Where Is The Market Going in the Next Three Years?

Going through my virtual mailbag I came across a great question: “Where’s the market going in the next three years?”

Most of the time there just isn’t enough clarity into the market to be able to make this sort of a prediction. But right now you don’t have to twist my arm to get me to make a call.

When you look at the current state of the market it’s like having flash backs to the 90s. Honestly, this market is almost identical to state of the market in ’95 and ‘96. Last year most resembles 1995 and this year is following the path of 1996. If you take a look at the figure below, I plotted two charts to show you how similar they are.

So what is driving the market to move in such a similar pattern? It has to do with interest rates.

Like in ’95 and ’96 interest rates on cash and cash equivalents is very low while dividends from publically-traded companies is on the rise. Companies can borrow very cheaply to raise capital, fund expansion and boost dividends and attract investors.

In this environment, frustrated fixed income investors move their money over to the stock market in search of higher yield. That’s what happened in the 1990s and exactly what’s happening now. The stock market has higher yields than the bank and money is on the move.

What does this have to do with my three-year outlook for the market? Well, the market rallied for four additional years following the ’95 and ’96 rally with an average gain of 28.7%.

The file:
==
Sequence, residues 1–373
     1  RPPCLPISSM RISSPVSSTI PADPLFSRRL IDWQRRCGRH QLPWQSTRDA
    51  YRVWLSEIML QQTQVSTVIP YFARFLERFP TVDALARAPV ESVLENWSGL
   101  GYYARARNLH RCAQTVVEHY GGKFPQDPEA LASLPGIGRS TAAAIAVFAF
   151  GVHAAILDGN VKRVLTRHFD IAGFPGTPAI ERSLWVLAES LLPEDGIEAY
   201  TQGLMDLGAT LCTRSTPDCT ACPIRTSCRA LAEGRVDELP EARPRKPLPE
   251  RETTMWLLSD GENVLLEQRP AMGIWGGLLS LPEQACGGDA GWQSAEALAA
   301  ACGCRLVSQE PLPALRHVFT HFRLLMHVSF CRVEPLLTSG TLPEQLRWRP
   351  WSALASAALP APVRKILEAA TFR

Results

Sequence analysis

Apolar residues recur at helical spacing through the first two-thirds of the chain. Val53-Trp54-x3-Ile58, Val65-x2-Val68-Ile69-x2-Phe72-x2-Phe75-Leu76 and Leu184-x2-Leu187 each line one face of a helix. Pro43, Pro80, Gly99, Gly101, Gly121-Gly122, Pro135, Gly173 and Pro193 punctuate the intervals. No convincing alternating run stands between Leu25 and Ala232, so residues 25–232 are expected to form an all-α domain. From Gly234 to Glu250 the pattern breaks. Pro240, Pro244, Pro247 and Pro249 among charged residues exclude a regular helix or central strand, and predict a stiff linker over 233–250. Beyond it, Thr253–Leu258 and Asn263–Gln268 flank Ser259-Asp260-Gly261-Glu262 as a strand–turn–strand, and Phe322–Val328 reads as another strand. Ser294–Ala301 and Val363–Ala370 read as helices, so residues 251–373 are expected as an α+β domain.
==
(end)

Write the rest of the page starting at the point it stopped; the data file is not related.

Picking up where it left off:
Now, we all know what happened at the end of that four year rally. The bubble that formed and burst was not just because money was going into the market, it was  because of indexing. Let me explain.

In the 90s you may not have known that when you bought an S&P 500 index fund that 50% of your money went into just seven giant tech stocks. You may have been buying an index of 500 stocks, but really you were putting your money in just seven. I wouldn’t recommend that strategy to any investor at any age or with any portfolio value.

It’s no surprise that that a bubble formed under Silicon Valley, under Cisco, and Oracle, and other big tech stocks. That’s why you have to be careful when indexing, it’s often less diversified than you would think.

We don’t have that risk in the current market and for those reasons, and many more, my outlook is very bullish.

I wouldn’t recommend that you go out and buy any stock, every market no matter how strong experiences pullbacks and not every stock rises. So be sure to run each stock through Portfolio Grader and watch for grade changes each week so you know when it’s time to get in and out.


Louis Navellier

Louis Navellier

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